The repeal of § 28-347 has mooted the State's contention that recent Supreme Court decisions require us to reconsider the 1983 Injunction. See Kremens v. Bartley, 431 U.S. 119, 128-29, 97 S.Ct. 1709, 1714-15, 52 L.Ed.2d 184 (1977); Hall v. Beals, 396 U.S. 45, 90 S.Ct. 200, 24 L.Ed.2d 214 (1969); Coleman v. Lyng, 864 F.2d 604, 611-12 (8th Cir.1988), cert. denied, 493 U.S. 953, 110 S.Ct. 364, 107 L.Ed.2d 351 (1989). Unlike City of Mesquite v. Aladdin's Castle, Inc., 455 U.S. 283, 102 S.Ct. 1070, 71 L.Ed.2d 152 (1982), relied upon by the State in opposing appellees' motion to dismiss the appeal as moot, this case does not present an "exceptional circumstance" in which the dispute is "capable of repetition, yet evading review." Lewis v. Continental Bank Corp., 494 U.S. 472, 481, 110 S.Ct. 1249, 108 L.Ed.2d 400 (1990). There is no evidence here that the State intends to reenact the repealed statute, nor that any such legislative action could "evade review."When a civil case becomes moot pending appeal, the appellate court normally vacates the order being appealed and remands to the district court with instructions to dismiss the case as moot. See United States v. Munsingwear, 340 U.S. 36, 39, 71 S.Ct. 104, 106, 95 L.Ed. 36 (1950). Treating the "case" here as the proceedings commenced by the State's July 1990 motion to vacate the 1983 Injunction, we agree that the district court orders challenged on appeal should be vacated. Mootness has prevented review of the district court's response to the motion to vacate and to the subsequent motion for reconsideration. Appellate review is an essential part of the litigation process. Here, that review would have been conducted under precedents not available to the district court, since the Supreme Court has recently relaxed application of Swift's grievous wrong standard in "institutional reform litigation." See Rufo v. Inmates of the Suffolk County Jail, --- U.S. ----, 112 S.Ct. 748, 116 L.Ed.2d 867 (1992); see also Association for Retarded Citizens of N.D. v. Sinner, 942 F.2d 1235, 1239 (8th Cir.1991).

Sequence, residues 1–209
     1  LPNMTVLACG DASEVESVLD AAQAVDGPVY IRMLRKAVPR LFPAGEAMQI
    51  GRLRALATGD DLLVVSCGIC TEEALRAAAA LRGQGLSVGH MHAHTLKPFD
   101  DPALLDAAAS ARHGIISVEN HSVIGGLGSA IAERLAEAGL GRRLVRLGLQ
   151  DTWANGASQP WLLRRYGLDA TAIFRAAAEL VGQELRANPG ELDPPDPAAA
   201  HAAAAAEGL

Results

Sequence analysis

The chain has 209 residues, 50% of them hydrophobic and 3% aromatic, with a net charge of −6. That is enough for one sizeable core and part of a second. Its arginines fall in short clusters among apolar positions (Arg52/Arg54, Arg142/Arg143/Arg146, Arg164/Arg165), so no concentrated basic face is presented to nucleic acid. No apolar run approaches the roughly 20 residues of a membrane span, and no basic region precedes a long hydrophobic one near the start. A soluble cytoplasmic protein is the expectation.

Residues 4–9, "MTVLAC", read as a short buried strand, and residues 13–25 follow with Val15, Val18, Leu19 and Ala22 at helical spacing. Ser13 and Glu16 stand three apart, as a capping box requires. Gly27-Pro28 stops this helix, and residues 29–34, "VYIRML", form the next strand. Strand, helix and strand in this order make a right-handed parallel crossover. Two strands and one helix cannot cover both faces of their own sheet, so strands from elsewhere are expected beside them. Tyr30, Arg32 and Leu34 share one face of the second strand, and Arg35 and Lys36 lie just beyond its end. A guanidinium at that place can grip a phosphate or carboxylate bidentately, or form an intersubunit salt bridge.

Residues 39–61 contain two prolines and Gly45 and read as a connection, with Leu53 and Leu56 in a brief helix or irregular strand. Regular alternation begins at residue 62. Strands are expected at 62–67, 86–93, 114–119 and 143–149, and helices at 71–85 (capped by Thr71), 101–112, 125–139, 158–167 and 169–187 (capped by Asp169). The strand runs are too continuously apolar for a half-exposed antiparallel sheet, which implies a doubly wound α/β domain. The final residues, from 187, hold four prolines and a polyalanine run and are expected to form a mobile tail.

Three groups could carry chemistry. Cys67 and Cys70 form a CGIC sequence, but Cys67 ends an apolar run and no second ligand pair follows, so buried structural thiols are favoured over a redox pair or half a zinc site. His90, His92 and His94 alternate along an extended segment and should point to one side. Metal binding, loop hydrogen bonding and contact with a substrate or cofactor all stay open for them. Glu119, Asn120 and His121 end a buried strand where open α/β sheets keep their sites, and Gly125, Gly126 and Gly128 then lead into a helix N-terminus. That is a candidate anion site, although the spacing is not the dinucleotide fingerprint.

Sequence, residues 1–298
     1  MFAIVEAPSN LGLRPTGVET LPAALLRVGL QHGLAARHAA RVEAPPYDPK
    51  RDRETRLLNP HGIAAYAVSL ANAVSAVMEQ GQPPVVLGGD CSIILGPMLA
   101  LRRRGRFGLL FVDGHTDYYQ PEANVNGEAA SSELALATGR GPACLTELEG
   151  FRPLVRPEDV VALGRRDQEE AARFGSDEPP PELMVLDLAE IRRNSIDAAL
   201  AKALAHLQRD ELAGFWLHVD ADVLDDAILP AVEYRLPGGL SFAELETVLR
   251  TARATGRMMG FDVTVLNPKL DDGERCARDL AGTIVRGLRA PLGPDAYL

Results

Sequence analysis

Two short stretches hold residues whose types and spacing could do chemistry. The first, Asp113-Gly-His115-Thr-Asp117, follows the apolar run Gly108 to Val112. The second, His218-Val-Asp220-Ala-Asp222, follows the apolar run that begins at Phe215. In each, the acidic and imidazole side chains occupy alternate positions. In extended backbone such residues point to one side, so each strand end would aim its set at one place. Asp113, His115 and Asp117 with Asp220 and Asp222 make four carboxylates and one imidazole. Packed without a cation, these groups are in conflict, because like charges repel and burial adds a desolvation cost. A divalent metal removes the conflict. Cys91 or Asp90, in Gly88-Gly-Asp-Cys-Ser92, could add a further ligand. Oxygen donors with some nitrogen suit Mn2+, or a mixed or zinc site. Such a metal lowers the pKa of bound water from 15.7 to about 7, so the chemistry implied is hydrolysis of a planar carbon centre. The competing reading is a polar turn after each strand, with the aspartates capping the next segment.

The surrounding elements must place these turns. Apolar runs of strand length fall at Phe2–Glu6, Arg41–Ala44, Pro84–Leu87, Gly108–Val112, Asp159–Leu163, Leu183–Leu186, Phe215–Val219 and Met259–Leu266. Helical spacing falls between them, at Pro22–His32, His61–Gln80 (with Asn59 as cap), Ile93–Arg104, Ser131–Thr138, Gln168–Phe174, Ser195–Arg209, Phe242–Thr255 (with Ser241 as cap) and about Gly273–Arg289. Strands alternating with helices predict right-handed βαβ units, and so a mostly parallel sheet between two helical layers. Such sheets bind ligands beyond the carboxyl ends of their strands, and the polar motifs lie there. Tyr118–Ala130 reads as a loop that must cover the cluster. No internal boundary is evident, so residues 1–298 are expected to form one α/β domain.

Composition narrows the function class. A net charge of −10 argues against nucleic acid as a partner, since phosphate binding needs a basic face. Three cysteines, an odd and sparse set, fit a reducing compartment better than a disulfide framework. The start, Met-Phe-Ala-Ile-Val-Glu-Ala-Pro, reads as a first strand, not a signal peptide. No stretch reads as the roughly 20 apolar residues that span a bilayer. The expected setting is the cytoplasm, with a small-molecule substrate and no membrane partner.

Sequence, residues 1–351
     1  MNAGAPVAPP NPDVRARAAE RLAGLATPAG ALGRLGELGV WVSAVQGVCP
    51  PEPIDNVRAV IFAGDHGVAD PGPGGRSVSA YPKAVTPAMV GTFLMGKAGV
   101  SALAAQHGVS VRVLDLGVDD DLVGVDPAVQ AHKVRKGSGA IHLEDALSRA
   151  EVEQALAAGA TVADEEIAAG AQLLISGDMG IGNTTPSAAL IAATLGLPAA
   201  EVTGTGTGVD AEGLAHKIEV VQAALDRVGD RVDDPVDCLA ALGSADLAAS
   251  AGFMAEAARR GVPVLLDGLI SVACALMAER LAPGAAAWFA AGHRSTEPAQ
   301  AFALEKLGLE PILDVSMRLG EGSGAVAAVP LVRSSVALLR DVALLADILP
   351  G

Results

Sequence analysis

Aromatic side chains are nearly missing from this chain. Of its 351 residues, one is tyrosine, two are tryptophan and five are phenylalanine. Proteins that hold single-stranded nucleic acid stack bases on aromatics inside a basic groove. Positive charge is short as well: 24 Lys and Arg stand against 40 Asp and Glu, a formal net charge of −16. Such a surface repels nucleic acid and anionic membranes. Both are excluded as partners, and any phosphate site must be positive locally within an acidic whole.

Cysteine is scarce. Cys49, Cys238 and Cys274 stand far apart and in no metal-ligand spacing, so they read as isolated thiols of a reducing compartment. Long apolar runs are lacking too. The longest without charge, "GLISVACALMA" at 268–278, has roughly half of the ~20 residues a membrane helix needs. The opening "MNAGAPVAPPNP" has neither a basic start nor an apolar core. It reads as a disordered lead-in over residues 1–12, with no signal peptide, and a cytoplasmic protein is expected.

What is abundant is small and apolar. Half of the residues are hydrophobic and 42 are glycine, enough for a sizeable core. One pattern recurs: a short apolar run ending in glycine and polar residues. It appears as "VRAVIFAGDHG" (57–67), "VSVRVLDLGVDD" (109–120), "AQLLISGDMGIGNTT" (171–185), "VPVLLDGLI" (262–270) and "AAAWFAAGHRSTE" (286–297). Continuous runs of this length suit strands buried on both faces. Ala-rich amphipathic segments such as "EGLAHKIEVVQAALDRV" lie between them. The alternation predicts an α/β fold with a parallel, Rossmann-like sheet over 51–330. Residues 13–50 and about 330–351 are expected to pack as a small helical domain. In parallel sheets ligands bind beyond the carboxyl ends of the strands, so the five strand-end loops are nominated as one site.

The State urges us to go beyond the proceedings at issue and to vacate the 1983 Injunction. We decline to do so. In the first place, the 1983 Injunction was later incorporated into a broader final judgment; we have no basis to determine on this record the present status of other aspects of that permanent injunction. In addition, assuming the 1983 Injunction has any practical significance after the repeal of § 28-347,2 we think the district court should be the first to address its current vitality on an adequate record. Finally, we note that the State slept on its rights when it failed to appeal the 1983 Injunction. We are not willing to depart from normal mootness principles "to do what by orderly procedure [the State] could have done for itself." Munsingwear, 340 U.S. at 41, 71 S.Ct. at 107.


Accordingly, the district court's Orders of October 31, 1990, and February 20, 1991, are vacated. Appellees' motion for an award of attorneys' fees on appeal is denied. Each party will bear its own costs on appeal. Since the parties appear to agree that there is no present controversy, we see no need to remand.


The HONORABLE WARREN K. URBOM, Senior United States District Judge for the District of Nebraska


At oral argument, counsel for appellees advised that, in the unlikely event Nebraska reenacted § 28-347 in the future, appellees would of course need to bring a new action challenging that new statute, suggesting to us that the 1983 Injunction is no longer of any practical consequence